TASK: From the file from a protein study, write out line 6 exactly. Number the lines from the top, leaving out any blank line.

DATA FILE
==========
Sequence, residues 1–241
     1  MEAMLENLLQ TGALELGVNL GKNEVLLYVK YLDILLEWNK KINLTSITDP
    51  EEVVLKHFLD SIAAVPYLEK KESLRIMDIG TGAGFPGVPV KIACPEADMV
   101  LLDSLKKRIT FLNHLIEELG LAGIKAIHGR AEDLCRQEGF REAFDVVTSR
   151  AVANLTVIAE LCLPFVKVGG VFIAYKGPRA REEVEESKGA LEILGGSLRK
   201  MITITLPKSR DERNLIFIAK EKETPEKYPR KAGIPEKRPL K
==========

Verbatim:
   201  MITITLPKSR DERNLIFIAK EKETPEKYPR KAGIPEKRPL K